The Philippine government’s loan to the Asian Development Bank (ADB) was expected to reach $9.4 billion over the next four years with funds sought to finance the country’s operations business plan.
In an e-mailed statement on Wednesday, ADB said that at least two-thirds of the borrowings would go into infrastructure, health, and employment recovery to help the government revitalize the economy that was heavily dampened by the coronavirus disease (COVID-19) pandemic.
The Philippines’ Country Operations Business Plan for 2021-2023 was expected to support government programs and policies designed to repair damage to the business sector and labor market, accelerate economic recovery, and expand access to public health services.
“We have designed our new Country Operations Business Plan to help the Philippines overcome the socioeconomic impact of the pandemic,” ADB Vice President Ahmed Saeed said.
“We are focusing on infrastructure projects that have large employment multipliers and support long-term economic growth through improved connectivity,” he added.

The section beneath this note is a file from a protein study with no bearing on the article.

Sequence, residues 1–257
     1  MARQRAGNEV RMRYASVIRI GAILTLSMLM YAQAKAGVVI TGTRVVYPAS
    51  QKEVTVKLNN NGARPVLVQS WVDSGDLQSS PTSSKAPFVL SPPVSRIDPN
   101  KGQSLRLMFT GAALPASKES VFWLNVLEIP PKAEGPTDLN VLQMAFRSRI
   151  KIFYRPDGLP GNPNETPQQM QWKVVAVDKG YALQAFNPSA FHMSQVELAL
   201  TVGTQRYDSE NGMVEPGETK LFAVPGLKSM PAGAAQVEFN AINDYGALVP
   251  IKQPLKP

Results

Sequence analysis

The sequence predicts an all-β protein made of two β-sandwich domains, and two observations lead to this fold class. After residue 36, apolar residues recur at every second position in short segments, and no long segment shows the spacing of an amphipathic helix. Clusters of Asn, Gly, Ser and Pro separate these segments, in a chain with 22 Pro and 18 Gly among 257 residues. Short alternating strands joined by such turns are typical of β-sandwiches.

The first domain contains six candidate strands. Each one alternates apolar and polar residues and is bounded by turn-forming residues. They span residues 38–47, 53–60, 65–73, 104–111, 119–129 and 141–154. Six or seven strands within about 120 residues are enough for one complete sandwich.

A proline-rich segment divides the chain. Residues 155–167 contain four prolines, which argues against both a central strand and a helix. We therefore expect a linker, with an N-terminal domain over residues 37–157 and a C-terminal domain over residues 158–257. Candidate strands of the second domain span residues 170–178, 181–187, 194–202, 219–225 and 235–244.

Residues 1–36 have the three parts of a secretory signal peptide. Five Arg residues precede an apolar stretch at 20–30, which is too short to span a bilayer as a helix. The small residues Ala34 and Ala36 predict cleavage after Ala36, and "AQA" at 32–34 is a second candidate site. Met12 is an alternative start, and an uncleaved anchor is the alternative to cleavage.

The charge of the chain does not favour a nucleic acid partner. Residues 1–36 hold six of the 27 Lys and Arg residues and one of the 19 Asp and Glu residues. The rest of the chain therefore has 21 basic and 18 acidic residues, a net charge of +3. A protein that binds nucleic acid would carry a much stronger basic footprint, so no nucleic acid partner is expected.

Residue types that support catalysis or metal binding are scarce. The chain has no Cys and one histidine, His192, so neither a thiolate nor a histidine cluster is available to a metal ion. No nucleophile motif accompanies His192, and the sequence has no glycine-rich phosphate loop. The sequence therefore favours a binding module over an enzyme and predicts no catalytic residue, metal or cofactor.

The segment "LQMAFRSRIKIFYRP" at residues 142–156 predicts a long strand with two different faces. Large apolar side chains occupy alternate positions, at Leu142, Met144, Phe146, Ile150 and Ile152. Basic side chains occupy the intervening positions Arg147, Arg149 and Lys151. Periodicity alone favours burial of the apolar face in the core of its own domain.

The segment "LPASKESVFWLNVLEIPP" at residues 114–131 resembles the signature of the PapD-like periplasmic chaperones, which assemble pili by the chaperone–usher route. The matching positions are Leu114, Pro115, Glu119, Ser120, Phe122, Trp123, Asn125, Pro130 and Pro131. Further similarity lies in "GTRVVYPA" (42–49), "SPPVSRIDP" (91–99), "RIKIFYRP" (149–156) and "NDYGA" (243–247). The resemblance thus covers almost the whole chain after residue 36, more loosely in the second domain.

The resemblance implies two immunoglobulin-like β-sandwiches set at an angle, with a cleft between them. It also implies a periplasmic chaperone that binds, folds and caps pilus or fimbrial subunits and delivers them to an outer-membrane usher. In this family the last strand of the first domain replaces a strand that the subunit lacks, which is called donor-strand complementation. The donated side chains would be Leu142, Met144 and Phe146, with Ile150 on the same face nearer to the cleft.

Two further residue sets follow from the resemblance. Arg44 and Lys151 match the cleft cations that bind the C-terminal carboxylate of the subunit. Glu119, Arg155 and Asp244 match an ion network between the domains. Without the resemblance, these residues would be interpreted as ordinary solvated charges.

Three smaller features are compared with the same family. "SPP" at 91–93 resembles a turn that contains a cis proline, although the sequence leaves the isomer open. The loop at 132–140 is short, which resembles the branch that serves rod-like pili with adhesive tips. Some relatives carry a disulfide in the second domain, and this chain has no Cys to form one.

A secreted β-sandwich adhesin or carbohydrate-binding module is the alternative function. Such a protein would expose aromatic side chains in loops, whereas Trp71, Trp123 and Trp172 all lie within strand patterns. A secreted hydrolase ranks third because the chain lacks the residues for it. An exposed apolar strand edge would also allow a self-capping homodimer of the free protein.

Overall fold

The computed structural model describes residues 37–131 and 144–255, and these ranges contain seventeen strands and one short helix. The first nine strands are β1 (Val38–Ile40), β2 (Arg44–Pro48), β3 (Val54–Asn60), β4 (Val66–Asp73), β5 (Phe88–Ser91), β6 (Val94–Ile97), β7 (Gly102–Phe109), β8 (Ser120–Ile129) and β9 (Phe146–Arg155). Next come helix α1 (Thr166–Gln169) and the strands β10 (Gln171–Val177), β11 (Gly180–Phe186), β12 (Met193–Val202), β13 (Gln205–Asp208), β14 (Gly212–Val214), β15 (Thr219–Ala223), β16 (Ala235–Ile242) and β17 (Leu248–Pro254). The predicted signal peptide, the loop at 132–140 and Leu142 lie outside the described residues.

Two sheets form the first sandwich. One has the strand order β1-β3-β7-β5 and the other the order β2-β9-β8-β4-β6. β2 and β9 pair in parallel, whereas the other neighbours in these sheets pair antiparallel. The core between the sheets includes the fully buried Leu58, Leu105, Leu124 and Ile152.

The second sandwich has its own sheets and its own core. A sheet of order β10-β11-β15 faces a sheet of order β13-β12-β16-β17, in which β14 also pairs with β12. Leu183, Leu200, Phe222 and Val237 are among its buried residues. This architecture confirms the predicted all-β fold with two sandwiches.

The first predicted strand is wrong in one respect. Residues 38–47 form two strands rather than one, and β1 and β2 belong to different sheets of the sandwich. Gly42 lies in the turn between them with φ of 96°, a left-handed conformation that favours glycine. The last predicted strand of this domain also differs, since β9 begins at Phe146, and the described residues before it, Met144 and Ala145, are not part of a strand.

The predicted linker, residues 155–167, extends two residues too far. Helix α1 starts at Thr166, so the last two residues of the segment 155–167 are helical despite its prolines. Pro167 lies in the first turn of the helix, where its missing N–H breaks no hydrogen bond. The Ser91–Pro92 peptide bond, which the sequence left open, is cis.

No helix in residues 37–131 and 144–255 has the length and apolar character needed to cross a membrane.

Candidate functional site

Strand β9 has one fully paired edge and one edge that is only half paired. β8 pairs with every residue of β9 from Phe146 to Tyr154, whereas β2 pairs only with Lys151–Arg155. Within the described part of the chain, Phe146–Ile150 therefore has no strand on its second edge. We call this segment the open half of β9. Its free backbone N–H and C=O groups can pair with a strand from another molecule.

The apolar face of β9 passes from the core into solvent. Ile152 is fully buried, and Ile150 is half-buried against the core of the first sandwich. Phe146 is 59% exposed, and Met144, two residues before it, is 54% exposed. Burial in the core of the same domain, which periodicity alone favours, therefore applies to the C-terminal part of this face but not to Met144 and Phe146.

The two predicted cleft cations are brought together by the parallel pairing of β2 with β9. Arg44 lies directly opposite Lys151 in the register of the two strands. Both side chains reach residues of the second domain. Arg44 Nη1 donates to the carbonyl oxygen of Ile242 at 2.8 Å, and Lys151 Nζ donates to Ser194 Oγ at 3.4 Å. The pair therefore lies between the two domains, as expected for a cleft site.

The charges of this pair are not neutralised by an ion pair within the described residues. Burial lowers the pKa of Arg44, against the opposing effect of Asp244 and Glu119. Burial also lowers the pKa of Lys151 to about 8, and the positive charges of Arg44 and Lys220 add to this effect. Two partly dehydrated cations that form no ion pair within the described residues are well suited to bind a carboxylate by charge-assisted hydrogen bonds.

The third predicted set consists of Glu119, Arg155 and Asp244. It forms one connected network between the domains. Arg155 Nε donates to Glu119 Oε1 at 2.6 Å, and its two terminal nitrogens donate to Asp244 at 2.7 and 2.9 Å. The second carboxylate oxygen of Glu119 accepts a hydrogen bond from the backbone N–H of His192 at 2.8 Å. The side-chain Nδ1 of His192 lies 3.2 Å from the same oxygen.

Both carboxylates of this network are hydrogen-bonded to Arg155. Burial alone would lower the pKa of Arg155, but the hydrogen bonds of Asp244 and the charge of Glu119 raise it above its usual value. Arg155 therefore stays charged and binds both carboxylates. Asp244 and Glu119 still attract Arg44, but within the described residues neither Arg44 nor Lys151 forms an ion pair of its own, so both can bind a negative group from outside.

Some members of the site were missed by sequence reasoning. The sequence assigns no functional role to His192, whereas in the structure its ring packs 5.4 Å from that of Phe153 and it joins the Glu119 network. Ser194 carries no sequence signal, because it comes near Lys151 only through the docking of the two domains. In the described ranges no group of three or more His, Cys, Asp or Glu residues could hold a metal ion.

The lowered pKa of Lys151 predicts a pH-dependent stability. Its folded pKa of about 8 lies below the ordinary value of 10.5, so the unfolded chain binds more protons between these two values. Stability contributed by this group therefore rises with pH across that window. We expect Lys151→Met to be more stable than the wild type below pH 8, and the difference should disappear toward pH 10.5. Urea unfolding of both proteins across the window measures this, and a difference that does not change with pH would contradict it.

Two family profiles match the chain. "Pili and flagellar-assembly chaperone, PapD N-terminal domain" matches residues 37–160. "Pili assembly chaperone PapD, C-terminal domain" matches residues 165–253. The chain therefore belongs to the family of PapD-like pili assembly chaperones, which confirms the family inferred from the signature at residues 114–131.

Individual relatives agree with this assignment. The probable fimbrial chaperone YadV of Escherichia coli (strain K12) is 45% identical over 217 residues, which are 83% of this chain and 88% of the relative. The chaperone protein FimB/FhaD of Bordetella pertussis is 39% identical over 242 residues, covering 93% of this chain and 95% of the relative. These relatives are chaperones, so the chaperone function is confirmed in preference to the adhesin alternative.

According to the lender, more than 52% of the sovereign lending will be poured into transportation projects such as railways, roads, and bridges, while 12% will go to expand the public healthcare system through the implementation of the Universal Health Care.
The rest of ADB’s loans will support environmentally sustainable urban development projects in the province of Palawan, expand social protection, and boost agriculture competitiveness, public sector management, and capital market development.
By next year, nearly half of ADB’s lending program, or about $1.75 billion will fund the first tranche of the South Commuter Railway Project, a portion of the North-South Commuter Railway (NSCR) system.
The NSCR is a project of the Asian Development Bank (ADB) and the Japan International Cooperation Agency that will run from Clark to Calamba in Laguna. It is one of the biggest infrastructure projects under the Philippine government’s Build, Build, Build program.
Once complete, the 53-kilometer South Commuter Railway will connect Metro Manila with areas south of the capital, such as Calamba in Laguna province.
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